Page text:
Going forwarded personally I'll just do my research, save much money and use shucked white label reds in raid config. The data is backed up multiple times elswhere so I'm not too concerned about data loss but if I was I probably would not use WD Reds anymore. The Pros do seem much better.
    I also tried a Seagate 8Tb external usb drive which is an SMR drive and it's performance is absolutley dire. Before I moved my raided NAS drives over to the new NAS I backed up the Raid 1 volume to this drive via USB 3. It took 3 days to copy 6.5TB's of data!!!!

    Therefore personally, I'd say whatever you do, do not put SMR drives in your NAS, they are only fit for external USB purposes and small volumes of data.

    I'm no expert like some folks on here but just relaying my experiences.

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    Re: Recommended drives for a NAS

    By the way not sure what other folks views are on Synology NAS's but my old DS216+ has performed brilliantly over the years. For along time i just used it to simply back up data but recently I've discovered it's unfathomed capabilties to run things like docker containers.

    Therefore it's made my old Windows based HP Microserver download box redundant. All automated downloading duties are now handled by the Synology NAS via Docker and it's so simple to do. I always loved Synology's DSM OS & ecosystem but it's only now that I'm uncovering its true potential. Yes you can do the same things on a Linux box much cheaper running OpenMediaVault or some other Linux distro but I tried for weeks to get it up & running correctly but kept running into permission & mounting issues that were beyond my capabilities to resolve. With Synology DSM I had the whole thing up & running correctly within 2 hours!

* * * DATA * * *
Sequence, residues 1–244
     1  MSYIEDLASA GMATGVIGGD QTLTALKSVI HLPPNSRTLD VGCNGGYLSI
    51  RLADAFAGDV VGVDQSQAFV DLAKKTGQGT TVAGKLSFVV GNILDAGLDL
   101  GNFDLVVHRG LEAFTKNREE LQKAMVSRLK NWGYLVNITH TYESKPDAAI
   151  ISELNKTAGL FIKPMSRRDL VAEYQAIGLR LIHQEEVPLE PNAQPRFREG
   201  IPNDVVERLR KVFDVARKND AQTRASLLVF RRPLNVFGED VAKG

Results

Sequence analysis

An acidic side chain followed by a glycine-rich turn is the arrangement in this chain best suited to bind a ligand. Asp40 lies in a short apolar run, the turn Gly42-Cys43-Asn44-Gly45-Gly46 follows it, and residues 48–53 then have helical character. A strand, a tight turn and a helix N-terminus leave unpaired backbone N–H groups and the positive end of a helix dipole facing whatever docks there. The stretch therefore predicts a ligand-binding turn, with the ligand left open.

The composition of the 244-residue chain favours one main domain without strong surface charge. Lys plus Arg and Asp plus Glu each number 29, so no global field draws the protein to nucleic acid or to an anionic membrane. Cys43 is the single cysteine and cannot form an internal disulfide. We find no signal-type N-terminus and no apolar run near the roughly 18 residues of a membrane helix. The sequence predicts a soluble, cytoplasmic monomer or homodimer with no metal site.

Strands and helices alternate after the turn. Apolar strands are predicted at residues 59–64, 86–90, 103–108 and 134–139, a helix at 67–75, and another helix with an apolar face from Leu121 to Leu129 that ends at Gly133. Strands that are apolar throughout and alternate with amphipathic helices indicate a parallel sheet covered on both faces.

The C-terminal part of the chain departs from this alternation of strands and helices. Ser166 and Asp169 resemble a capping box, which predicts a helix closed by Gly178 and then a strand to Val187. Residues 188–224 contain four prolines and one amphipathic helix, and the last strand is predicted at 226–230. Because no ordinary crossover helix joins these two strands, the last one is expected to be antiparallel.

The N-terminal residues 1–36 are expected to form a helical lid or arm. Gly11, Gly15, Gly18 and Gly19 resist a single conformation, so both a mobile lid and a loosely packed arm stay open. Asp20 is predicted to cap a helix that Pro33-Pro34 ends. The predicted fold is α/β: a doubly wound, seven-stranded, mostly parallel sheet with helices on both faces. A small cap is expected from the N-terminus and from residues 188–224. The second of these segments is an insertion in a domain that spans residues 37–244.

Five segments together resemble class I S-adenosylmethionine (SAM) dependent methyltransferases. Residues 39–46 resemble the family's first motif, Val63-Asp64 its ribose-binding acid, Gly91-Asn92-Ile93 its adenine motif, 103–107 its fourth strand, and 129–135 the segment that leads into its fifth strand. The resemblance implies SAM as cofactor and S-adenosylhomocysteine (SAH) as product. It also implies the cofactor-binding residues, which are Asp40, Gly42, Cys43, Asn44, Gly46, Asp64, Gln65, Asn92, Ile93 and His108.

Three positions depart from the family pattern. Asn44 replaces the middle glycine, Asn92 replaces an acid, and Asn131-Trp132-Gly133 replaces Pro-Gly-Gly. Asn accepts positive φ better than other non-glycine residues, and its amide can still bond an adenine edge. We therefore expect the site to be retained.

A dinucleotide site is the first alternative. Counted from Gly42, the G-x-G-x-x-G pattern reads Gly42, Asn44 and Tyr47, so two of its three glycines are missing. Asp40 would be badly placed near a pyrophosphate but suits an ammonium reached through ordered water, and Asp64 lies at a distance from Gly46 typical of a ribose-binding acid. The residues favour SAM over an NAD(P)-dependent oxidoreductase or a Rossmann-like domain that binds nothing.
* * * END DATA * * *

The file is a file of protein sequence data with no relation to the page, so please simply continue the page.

Looking forward to working out what I should repurpose the old the DS216+ with now that it's main duties have been transferred to the DS920+.
    Last edited by jimborae; 14-02-2021 at 03:09 AM.

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    Re: Recommended drives for a NAS

    Quote Originally Posted by Saracen999 View Post
    Doubt it, if there's still money to be made and though SSD's have come a long way, HDD's aren't fully redundant quite yet.
    Far from redundant, vast amounts of hard drives are still getting made and sold. The use has changed hugely though, and that is what we are seeing here. Consumers aren't really buying hard drives any more, most PCs are bought as laptops where spinning media is a liability in a mobile device. If you want a server, then 2.5in drives mean you can cram more spindles into a tighter space for better performance in a certain volume. A lot of 3.5in drives are sold as warm storage, where the drives are in power save for most of their lives and just come up when someone wants something from archive (so basically a really fast tape drive). Enterprise storage is moving away from the traditional RAID controller setups and into cloud deployments where disposable VMs use SCSI over ethernet and data is stored in cloud objects & containers rather than files, with the whole lot in something like a Ceph storage pool.